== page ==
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Top 50 All-Time Jays: #5 Lloyd Moseby

Lloyd Anthony Moseby | CF | 1980-1989


Notable Accomplishments: Silver Slugger 1983, All-Star 1986

Lloyd Moseby was born November 5, 1959 in Portland, Arkansas. He was drafted in the first round, second overall, of the 1978 amateur draft out of Oakland high school. The number one choice that year was Bob Horner and number three was Hubie Brooks. Also chosen in the first round that year was Kirk Gibson.

We were a pretty lousy team back then and Moseby was rushed thru the minors in two years though he did hit .300 and slugged .500 in his couple of seasons in the minors. He was called up to the Jays in late May of 1980. He was just 20 and over-matched in the majors. But like I said we weren't a very good team back then and we kept him in center field. We weren't exactly crawling with great prospects so we could afford to keep him on the roster. For his first 3 season he didn't hit better than .236.

Lloyd's 4th season with the Jays, he finally learned to hit, having a terrific .315/.376/.499 line. He scored 104 runs (becoming the first jay to score 100 in a season), hit 18 homers and stole 27 bases. He won the Silver Slugger award and he received some MVP votes. He was 5th in runs scored and 6th in batting average and had a then team record 21 game hit streak.

He had another good season in 1984, hitting .280/.368/.470. He led the league in triples with 15 and stole 39 bases. Scored 97 runs and drove in 92. He got some MVP votes again. As Bill James said at the time, his strengths were "hitting for power, hitting for average, range, throwing, base running, patience as a hitter. Weaknesses none." Course he also thought that he would win a MVP award and that part didn't happen.

In 1985 his batting average dropped to .259, but he still walked 76 times, had 18 homers, scored 92 runs and stole 37 bases. 1985 was our first playoff year, we lost out to Royals, Lloyd didn't have a good series, hitting just .226 in the 7 games. He did score 5 runs and drove in 4. 1986 wasn't his best year either hitting .253/..329/.418, but he still scored 89 runs and drove in 86, with 21 homers and 32 steals. With great range even in a down year he was a useful player. He made the All-Star team.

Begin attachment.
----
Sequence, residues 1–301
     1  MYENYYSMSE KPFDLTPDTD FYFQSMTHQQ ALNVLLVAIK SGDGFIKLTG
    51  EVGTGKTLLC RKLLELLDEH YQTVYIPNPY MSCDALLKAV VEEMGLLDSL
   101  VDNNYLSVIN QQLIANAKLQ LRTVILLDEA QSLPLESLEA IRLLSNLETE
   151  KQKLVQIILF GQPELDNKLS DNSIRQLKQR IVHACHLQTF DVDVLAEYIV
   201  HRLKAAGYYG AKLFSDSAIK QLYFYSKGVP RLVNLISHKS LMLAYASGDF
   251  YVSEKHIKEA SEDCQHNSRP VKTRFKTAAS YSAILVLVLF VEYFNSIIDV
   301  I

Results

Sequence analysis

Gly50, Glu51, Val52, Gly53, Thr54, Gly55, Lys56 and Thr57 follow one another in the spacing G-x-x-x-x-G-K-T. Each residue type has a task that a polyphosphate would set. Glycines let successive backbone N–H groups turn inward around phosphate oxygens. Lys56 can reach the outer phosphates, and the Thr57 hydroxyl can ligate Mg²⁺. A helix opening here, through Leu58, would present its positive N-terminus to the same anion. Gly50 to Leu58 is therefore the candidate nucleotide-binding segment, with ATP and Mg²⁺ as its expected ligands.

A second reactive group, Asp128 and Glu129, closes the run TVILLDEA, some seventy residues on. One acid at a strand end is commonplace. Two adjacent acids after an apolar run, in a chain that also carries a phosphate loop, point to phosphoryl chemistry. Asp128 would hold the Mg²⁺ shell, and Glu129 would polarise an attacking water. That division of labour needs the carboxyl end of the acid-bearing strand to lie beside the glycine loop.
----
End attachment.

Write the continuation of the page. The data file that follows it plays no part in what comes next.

1987 was a bounce back year, he had a very good season setting career highs in runs 106, homers 26, RBI 96 and tied for his top season in steals with 39. He hit .282/.358/.473. Lloyd had a small part in baseball history on September 14 when he had a homer in a game where the Jays set a major league record hitting 10 in the game.

His last couple of seasons with the Jays were slowed some by injuries to back and legs (the hard playing surface in Toronto didn't do him any good, he likely would have had a longer career if he played on grass) and he was being pushed out of center field by prospect Junior Felix. His last season with the Jays was 1989 and we made the playoffs again that year. Lloyd did well in our 5 game loss to the A's, hitting .313/.476/.500 with a homer.

After the season he signed with the Detroit Tigers as a free agent. He had two not very good seasons with the Tigers and then went to Japan to play for the Yomiuri Giants for two years to finish off his career. He coached first base for the Jays in 1998 and 1999.

Moseby was part of the Jays outfield that was thought to be the best outfield of the 80's with George Bell and Jesse Barfield. He had terrific range, he had to with George Bell playing beside him and a decent arm. He never won a Gold Glove but likely should have had at least a couple of them. He had the longest career, with the Jays, of any of the three of them.

He was one of those players who did everything well but nothing so great that he got the attention his outfield teammates got. Unfortunately for him most fans at the time only focused on batting average. He had good power, he hit for a decent average, took a lot of walks, had good speed, your basic 5 tool player. When he left the Jays he was the team career leader in games played, runs, hits, doubles, total bases, stolen bases and sac flies. On a team that platooned a lot he played against both lefties and righties and didn't have huge splits.

Rob Neyer in the ‘Big Book of Baseball Lineups' had Lloyd as our best CFer in team history and Bill James had him as the 71st best center fielder in baseball history in his ‘New Historical Abstract'. Moseby got the nickname Shaker for his ability on the basketball court. At 6'3" and 200 pounds he was a terrific athlete. And he was also the subject of a rap song, Shaker's Rap, which you can find on the internet if you really want.

Once, in a game against the White Sox, he successully stole second base, and the throw from the catcher went into centerfield. However, shortstop Ozzie Guilen faked him out by acting as if the ball had been popped up. Thinking that he was about to be doubled off of first, he ran back there instead of taking the extra base. The centerfielder threw in to first - and the ball went into the dugout. Moseby made it back safely to second, having run 270 feet to go 90 feet.

He was a fun player to watch, happy guy.

Lloyd Moseby's place among Blue Jay batting Leaders:

Game played: 3nd 1392
At bats: 2nd 5124
Runs Scored: 2nd 768
Hits: 3rd 1319
Doubles: 4th 292
Triples 2nd 60
Home Runs: 6th 149
RBI: 5th 651
Walks: 547
Stolen Bases: 1st 255
Runs Created: 3rd 745